# A $T_2$-space is pathwise connected iff it is arcwise connected.

show that A $T_2$-space is pathwise connected iff it is arcwise connected.

This is Corollary. 31.6 in the book called general topology by Willard the author write

Proof. By the theorem 31.5 and Theorem 31.2, every path is arcwise connected. ■

Theorem 31.5 : - A Hausdorff space $X$ is a continuous image of the unit interval $I$ iff it is a Peano space.

Theorem 31.2: Every Peano space is arcwise connected.

I try to prove it in details .

## 2 Answers

Arcwise connected always implies pathwise connected. An arc is just stronger, namely a path that is also a homeomorphism between $[0,1]$ and its image. So if we have an arc between points, we surely have a path.

So suppose $X$ is any topological Hausdorff space that is path-connected. Let $x \neq y$ in $X$ then we need to find an arc from $x$ to $y$.

We start with a path $f: [0,1] \to X$ from $X$ to $Y$. Then $P= f[[0,1]] \subseteq X$ is a Hausdorff continuous image of $[0,1]$, hence a Peano space by 31.5 in Willard.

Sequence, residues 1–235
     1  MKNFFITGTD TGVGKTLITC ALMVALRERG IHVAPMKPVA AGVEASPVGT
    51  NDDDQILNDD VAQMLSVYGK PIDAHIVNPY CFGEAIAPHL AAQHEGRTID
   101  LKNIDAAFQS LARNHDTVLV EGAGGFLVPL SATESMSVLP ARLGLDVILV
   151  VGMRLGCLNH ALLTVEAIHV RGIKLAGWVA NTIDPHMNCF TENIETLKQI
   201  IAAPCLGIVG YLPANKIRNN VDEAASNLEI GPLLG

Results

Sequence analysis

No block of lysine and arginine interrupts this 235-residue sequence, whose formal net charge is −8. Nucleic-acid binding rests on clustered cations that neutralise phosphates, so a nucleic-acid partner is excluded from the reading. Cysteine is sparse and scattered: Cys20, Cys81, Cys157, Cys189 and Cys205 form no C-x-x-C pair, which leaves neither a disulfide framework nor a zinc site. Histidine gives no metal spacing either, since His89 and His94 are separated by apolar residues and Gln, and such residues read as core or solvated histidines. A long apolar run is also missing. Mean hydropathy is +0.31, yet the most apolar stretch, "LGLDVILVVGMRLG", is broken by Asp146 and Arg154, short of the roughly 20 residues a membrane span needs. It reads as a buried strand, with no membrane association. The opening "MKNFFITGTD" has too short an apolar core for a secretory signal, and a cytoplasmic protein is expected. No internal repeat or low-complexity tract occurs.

But 31.2 says a Peano space is arcwise connected and so there is an arc $\alpha: [0,1] \to P$ from $x$ to $y$ (which are in $P$) and this is also an arc into $X$ (changing the codomain does not change the continuity and $\alpha$ is still a homomeorphism onto its image, hence an arc). So $X$ is arcwise connected.

suppose that $X$ is $T_2$-space and pathwise connected.

There is a continuos function $f:I \to X$ such that

$f(0)=a$, $f(1)=b$ for any $a,b \in X$.

Thus, $X$ is continuos image of $I$ and $X$ is $T_2$-space

Hence, by Theorem. 31.5 $X$ is Peano space

Therefore, by Theorem. 31.2 $X$ is arcwise connected.

• drop the last senteces and just say $X$ is arcwise connected – Henno Brandsma Jan 6 '18 at 13:28